In 2011, the Burren and the Cliffs of Moher were designated as a UNESCO Geopark. Officially, the Burren is a glacio-karst landscape, but the term ‘Burren’ is derived from the Irish word An Bhoireann which means ‘a stony place’, a much more appropriate name!
Formed during the last glacier (about 10,000 years ago), this unique region is a limestone plateau covering 360 km2 of North Clare. More than 60% of the area is bare rock or rocky pasture; enormous slabs of limestone pavements with criss-crossing cracks known as “grikes”, leaving isolated rocks called “clints”.
A Botanist’s Delight
For flower lovers, the best time to see the Burren is in May, when an array of amazingly delicate flowers dot the grey limestone with spectacular bursts of colour. The Burren is home to more than 70% of Ireland’s native plants (635 species), including unusual combinations of Arctic, Alpine and Mediterranean species. It is particularly famous for its orchids – 22 of Ireland’s 27 native orchids are found here. Visit Burren in Bloom for more details.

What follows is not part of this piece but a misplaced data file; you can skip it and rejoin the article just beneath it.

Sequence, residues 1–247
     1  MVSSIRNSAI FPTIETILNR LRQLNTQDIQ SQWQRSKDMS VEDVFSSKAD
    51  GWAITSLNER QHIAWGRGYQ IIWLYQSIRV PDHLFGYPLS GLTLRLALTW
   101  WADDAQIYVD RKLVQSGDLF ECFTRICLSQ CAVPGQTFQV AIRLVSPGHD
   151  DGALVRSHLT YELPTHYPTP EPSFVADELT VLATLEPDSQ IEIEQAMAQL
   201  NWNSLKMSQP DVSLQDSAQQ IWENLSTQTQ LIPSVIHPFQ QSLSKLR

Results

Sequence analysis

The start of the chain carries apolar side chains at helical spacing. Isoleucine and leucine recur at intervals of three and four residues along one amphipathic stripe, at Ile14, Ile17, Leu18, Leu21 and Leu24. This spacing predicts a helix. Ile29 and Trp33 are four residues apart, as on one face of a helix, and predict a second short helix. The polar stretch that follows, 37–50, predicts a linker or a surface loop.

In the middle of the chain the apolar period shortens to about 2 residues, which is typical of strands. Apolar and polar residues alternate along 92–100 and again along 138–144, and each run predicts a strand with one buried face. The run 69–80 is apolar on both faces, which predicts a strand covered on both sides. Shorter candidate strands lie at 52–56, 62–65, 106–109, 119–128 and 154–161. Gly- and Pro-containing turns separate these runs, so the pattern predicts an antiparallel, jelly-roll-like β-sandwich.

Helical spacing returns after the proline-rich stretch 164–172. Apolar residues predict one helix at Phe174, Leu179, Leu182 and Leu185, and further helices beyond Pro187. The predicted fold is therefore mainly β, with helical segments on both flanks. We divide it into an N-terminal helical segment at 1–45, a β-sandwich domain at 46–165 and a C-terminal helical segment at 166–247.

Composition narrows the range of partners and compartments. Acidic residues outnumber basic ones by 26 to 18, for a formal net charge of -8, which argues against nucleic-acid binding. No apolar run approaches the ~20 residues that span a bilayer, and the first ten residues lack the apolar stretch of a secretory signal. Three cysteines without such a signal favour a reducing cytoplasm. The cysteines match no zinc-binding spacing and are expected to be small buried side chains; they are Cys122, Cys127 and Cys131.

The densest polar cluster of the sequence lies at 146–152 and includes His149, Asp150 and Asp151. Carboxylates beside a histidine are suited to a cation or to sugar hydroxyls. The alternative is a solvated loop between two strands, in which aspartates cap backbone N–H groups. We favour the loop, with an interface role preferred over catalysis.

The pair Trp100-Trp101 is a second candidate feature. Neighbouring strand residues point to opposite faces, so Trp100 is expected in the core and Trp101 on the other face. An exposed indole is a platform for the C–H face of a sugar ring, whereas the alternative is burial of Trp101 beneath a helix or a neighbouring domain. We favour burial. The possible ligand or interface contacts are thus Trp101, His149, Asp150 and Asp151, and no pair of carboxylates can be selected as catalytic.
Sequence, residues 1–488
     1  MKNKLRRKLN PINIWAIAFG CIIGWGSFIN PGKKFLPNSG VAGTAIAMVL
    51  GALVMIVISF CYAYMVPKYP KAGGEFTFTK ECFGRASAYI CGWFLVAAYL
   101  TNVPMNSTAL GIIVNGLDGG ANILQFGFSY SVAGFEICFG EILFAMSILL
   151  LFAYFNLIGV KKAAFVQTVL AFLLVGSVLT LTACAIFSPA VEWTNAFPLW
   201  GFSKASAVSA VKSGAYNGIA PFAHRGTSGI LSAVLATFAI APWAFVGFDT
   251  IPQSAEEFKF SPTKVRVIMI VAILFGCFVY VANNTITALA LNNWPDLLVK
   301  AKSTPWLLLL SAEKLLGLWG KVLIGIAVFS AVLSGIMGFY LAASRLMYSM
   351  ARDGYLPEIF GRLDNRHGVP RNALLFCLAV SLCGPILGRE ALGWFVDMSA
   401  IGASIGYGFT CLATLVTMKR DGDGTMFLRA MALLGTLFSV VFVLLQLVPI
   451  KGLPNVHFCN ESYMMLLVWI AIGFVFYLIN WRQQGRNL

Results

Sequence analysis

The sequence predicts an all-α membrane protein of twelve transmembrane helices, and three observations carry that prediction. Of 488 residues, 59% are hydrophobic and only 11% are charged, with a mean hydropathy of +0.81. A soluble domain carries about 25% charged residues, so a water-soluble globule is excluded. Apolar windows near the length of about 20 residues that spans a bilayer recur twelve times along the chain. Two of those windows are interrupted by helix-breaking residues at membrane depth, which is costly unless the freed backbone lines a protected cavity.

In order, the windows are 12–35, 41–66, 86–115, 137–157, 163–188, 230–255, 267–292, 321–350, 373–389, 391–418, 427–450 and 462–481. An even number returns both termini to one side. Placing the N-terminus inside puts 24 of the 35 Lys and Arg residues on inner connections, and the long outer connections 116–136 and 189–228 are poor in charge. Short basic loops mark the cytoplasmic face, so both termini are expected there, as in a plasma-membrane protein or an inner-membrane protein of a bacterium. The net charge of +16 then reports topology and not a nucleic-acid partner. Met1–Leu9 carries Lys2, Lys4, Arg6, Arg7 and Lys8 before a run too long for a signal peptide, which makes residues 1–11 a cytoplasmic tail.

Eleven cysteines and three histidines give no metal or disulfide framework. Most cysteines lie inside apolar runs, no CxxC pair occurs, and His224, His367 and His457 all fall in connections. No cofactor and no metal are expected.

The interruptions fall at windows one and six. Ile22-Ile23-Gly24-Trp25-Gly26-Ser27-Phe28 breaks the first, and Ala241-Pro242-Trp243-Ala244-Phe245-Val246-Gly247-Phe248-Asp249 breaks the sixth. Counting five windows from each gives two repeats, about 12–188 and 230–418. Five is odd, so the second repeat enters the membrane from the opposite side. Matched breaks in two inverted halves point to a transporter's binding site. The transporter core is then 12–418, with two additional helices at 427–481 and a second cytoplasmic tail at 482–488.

Stony Graves and Caves
There is evidence of human settlement in the The Burren dating back 6,000 years. It is littered with approx. 2,000 ancient monuments to the past including 90 megalithic tombs. Our ancestors had a very limited selection of building materials – stone, stone or… stone. This has meant that their structures and graves have survived thousands of years after they were originally built. The most famous monument is the iconic Poulnabrone Dolmen, a large capstone grave built circa 5,800 years ago, pre-dating the Egyptian pyramids. This can be visited all year round, and is located on R480, close to Ballyvaughan.
The Burren is Ireland’s most important cave area and includes Pollnagollum which is the longest cave in Ireland. Aillwee Cave and Doolin Cave are both open to the public.
With all the Burren has to offer its visitors, the best way to appreciate it is slowly and on foot. There are several guided walks available, check on the Burren Ecotourism Network site for an up to date list of guided walks